Motherland by Amy Sohn
Amy Sohn must be the most observant person ever. In Motherland she has captured the anxiety, the social climbing, the money worries, the marital dysfunction, the superficiality, the selfishness, the guilt of the privileged Park Slope parents who exemplify our current culture of ideal parenting. The details that she uses to characterize this community made me feel as if I’d lived there for years. The main characters are: Karen, a mother going through a divorce, Marco, a gay recovering alcoholic raising two sons with his partner, Gottlieb, a self-involved screenwriter and father, Rebecca, a mother hiding a secret about her youngest child’s paternity, and Melora, an actress making a comeback on Broadway. Narration switches among these characters, who are connected in strange ways. The characters all do some pretty despicable things, but Sohn somehow makes most of them sympathetic anyway.
The action concentrates in Brooklyn but sometimes travels to a Cape Cod vacation spot or LA for show business subplots. It’s a pretty rarefied, privileged subculture that Sohn is documenting here; the descriptions of the characters’ lifestyles might feel over-the-top and alienating to some readers. A lot of Hollywood stars get name-dropped, but I didn’t really mind because the names were so precisely chosen and so up-to-the-minute current–they gave exactly the message that they were meant to. Sohn has her finger so tight on the pop culture pulse that she can use these references to show Melora’s and Gottlieb’s exact career trajectory, so that we understand their rises and falls in relation to other stars.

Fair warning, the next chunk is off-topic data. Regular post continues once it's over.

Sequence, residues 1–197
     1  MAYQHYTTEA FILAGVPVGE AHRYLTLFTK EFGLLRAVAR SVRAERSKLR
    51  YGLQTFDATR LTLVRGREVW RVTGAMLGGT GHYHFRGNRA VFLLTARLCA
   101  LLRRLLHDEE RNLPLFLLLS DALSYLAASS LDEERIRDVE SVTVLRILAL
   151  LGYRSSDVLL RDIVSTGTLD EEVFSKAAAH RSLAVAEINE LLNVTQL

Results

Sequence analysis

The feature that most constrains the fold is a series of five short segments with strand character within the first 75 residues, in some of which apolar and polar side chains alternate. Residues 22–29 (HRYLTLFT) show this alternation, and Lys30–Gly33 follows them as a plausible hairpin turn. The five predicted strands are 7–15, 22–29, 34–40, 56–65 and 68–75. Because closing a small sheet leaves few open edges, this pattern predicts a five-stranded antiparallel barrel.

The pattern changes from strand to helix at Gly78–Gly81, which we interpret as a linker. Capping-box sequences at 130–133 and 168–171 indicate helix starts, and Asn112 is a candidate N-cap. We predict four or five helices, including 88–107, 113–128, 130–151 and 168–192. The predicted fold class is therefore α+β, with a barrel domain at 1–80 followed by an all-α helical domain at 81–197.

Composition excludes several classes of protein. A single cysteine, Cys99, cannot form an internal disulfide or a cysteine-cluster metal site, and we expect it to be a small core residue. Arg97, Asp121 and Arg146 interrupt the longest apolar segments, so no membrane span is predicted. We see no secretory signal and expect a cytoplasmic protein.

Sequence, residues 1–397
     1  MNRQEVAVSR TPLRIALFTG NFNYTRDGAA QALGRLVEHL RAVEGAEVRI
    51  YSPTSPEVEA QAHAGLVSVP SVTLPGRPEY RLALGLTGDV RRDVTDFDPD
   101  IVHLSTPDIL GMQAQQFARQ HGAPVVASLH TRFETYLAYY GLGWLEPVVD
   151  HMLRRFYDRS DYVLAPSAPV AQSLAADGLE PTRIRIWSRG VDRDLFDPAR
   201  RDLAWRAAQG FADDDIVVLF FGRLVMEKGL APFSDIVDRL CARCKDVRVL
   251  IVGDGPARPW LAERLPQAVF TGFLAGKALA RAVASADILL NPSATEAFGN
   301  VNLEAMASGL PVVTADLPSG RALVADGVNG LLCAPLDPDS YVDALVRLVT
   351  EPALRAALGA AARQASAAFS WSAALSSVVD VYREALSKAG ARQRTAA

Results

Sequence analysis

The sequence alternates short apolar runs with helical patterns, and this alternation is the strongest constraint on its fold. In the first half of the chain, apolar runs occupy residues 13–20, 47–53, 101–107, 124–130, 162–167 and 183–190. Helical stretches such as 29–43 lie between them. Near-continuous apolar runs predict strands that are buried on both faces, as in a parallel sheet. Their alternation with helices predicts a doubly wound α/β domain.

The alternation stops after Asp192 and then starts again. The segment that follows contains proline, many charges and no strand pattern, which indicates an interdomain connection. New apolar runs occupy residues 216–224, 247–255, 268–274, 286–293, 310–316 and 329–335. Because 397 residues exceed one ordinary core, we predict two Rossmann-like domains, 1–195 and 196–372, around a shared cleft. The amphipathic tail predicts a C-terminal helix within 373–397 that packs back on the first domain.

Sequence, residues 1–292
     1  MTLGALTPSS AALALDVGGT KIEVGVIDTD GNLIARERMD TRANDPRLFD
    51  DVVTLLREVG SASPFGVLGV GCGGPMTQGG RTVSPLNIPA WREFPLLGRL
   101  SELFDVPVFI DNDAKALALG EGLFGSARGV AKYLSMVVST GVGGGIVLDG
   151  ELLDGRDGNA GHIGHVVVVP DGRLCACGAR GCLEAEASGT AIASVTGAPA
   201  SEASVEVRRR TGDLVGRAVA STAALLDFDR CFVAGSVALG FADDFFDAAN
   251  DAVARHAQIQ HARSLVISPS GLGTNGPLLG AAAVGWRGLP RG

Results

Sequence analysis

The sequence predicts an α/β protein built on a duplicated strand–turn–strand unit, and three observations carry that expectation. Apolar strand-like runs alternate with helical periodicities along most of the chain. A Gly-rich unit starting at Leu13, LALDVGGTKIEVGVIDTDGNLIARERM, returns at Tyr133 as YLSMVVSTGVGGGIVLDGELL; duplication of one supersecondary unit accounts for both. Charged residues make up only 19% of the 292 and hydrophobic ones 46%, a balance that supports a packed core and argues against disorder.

I loved the sex scenes in this book. They were so unusual, so unique to the situation and the couple, and the acts they portrayed were not always mind-blowing or even satisfying. There was such a wonderful variety of sexual experience represented: good and bad married sex, good and bad one-night stands, gay sex, fetishes, masturbation. We get to see the characters surprised by what sex brings out of them; we get to see them using sex as a tool to reach other goals or as a way to punish each other, or as an escape. Sex is presented as part of life, part of the characters’ relationships, one motivating force among many, rather than an all-consuming, static holy grail. This approach to writing sex is so much more realistic and interesting than the typical idealized erotica scene.
Given the title, it was surprising to me how little this book talked about the actual work of parenting. The children seemed like props, driving the plot through creating stress for the parents, rather than like characters in themselves. It’s a book about the relationships parents have with each other, about the problems parenting creates, and the culture that grows up around it, but not about parenting itself. When I’m a mother, I’m sure my experience won’t be anything like these characters’, and despite twinges of jealousy for their resources and cultural influence, I think I’m mostly glad about that.
The book is really funny, and Sohn’s sentences are fun to read. She reveals the absurdity in everyday life, and it comes out in the characters’ irrational but totally understandable thoughts and actions. I thoroughly enjoyed the book and felt pretty immersed in its world.